Check with the Church for the baptism timings before you make any arrangements
- If you are holding the baptism during the service then be aware that this can make the service longer than normal
- If the baptism is being held separately then the Church may have specific times available
Food and refreshments should be offered
A simple approach would be to provide cake and drinks at Church after the service, especially if you are active members of the Church and wish to involve the whole congregation. This can be followed by a lunch at home for the godparents and immediate family.
A bigger group can be entertained simply with cake and drinks at home / in the local church or village hall.
If people have travelled longer distances then a simple buffet might be appropriate
It is traditional for a wedding cake tier to be saved for the first child's baptism (though this only works for fruit cake, carefully stored).
Check availability of godparents - they are needed for the baptism - then key family members.
A godparent might be chosen to offer a toast at the party - toasting the child, and family.
Baptism parties are not on the same scale as a wedding, so a slightly less formal approach is appropriate
Gifts are a normal part of baptisms and will often be thoughtful special items for the child. It is worth gently co-ordinating these though or the child is likely to end up with 3 bibles and 4 prayer books, all useful, but the duplication can be avoided. We have a gift section on this website where we have carefully selected a wide range of items which might be of interest.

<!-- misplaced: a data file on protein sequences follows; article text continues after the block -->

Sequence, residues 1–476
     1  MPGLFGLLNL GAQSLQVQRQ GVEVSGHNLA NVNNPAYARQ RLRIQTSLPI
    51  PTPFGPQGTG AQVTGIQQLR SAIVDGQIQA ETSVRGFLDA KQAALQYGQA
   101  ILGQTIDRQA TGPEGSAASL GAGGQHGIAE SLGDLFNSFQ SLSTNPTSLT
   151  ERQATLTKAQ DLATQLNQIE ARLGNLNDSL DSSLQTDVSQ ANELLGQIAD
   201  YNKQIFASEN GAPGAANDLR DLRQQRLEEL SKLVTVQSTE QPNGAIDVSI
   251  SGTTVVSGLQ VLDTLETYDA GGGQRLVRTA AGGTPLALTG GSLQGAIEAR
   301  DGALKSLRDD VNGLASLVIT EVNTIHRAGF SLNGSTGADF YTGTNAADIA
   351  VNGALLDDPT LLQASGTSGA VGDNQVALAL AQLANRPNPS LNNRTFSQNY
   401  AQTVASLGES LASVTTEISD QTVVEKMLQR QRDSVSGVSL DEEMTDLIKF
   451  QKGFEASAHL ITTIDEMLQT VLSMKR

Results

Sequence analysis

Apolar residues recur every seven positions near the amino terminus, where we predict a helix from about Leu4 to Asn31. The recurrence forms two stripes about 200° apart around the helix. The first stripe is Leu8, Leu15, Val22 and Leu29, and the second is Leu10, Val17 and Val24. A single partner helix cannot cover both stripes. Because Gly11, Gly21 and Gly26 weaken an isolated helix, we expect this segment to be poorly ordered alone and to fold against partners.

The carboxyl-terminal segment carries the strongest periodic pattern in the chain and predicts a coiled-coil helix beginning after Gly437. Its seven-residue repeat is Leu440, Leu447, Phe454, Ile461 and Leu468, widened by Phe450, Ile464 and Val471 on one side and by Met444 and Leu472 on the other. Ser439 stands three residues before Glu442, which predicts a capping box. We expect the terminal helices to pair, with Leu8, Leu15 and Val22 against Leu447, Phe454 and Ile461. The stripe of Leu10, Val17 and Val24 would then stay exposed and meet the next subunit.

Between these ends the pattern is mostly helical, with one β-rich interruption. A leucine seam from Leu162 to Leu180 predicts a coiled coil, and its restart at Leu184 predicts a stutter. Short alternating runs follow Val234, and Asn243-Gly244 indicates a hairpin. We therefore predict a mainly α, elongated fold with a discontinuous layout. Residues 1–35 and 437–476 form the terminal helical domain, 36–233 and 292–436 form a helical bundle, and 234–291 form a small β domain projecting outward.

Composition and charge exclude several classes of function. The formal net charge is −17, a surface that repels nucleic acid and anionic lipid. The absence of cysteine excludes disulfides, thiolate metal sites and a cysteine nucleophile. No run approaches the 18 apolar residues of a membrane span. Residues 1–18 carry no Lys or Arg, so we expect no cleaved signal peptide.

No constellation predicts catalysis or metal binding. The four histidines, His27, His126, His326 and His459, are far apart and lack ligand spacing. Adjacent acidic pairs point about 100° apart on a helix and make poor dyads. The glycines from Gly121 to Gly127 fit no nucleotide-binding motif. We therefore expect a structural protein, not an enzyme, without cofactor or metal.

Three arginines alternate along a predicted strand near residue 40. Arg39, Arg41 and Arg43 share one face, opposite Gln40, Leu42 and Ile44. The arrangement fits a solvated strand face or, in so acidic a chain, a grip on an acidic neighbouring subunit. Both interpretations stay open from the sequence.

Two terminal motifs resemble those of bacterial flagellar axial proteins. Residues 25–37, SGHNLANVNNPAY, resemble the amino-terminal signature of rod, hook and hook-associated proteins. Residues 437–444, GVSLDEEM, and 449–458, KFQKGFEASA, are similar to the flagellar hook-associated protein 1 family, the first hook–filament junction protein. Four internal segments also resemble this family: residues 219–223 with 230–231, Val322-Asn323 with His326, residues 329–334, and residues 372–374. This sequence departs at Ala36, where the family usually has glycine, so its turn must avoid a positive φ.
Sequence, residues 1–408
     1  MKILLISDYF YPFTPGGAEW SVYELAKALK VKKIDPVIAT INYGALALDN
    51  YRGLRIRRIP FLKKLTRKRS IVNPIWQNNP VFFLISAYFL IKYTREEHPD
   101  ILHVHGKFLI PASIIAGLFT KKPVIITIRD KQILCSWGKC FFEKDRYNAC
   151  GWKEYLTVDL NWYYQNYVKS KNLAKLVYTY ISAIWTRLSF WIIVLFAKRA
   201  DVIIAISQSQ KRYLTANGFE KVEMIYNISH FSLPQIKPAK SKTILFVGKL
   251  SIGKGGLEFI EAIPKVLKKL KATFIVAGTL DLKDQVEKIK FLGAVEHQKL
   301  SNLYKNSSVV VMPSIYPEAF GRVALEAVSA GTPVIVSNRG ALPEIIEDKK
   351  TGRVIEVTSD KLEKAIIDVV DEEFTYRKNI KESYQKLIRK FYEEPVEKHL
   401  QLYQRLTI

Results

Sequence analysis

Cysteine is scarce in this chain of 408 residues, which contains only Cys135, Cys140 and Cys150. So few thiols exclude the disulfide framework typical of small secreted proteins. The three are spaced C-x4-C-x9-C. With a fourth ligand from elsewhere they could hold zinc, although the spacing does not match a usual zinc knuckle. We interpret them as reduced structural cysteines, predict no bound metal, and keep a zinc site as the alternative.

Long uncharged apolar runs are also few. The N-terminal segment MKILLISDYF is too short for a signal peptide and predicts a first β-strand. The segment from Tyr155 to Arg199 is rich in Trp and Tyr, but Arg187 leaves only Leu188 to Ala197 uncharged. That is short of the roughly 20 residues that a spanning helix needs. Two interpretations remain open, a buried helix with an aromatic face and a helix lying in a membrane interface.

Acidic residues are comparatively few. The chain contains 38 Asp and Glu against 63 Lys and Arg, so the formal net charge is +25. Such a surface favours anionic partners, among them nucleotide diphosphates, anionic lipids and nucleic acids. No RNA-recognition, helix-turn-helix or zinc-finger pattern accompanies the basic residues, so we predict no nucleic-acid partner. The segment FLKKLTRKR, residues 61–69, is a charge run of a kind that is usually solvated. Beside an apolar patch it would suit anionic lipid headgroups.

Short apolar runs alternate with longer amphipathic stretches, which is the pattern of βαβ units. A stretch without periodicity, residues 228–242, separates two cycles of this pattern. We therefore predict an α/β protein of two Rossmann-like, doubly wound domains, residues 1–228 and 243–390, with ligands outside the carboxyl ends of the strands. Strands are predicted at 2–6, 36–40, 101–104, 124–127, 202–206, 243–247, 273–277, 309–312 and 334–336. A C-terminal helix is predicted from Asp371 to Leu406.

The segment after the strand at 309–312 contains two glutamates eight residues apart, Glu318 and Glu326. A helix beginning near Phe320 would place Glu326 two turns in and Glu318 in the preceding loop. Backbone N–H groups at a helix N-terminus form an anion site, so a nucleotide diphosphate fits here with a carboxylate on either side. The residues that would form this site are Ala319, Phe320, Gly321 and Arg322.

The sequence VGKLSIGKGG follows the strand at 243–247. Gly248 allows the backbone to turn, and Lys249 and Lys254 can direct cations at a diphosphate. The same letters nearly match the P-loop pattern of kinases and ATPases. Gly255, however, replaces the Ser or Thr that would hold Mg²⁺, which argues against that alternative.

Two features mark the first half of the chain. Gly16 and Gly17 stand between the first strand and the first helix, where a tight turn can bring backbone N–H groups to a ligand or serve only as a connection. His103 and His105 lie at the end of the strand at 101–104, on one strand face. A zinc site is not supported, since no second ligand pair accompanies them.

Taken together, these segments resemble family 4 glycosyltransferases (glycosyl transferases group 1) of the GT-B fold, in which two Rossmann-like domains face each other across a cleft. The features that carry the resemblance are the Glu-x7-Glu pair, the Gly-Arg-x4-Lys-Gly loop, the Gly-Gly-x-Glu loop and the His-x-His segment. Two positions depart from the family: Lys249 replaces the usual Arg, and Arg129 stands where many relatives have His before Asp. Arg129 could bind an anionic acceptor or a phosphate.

Don't forget that your friends will have children - this is one party which does need to be child friendly.
A baptism is the start of relationships - with Jesus, and with the godparents, they are inter-linked.
Different Churches have different approaches, but generally there is a point in the child's future when they take the promises made on their behalf at baptism and make that promise for themselves.
Church of England - Confirmation
The person being confirmed has a sponsor, chosen by the candidate, while this could be a godparent, it doesn't have to be. There is only one sponsor at confirmation, even though there may have been a number of godparents.
Confirmation (often around the age of 13-18) is the traditional finishing point as a godparent - your spiritual job is done. However the personal relationship is likely to continue.
Roman Catholic Church - First Communion
First Communion is usually at around the age of 7-8 when the child is considered old enough to understand the significance of communion as sacrement. While there is no official role for the godparent, it is likely that as a godparent you would wish to attend.
Roman Catholic Church - Confirmation
The person being confirmed has a sponsor, chosen by the candidate, while this could be a godparent, it doesn't have to be. While there are usually two godparents at baptism there is only one sponsor at confirmation.
The candidate chooses their own name, either as baptised, or in addition.
Confirmation (often around the age of 13) is the traditional finishing point as a godparent - your spiritual job is done. However the personal relationship is likely to continue.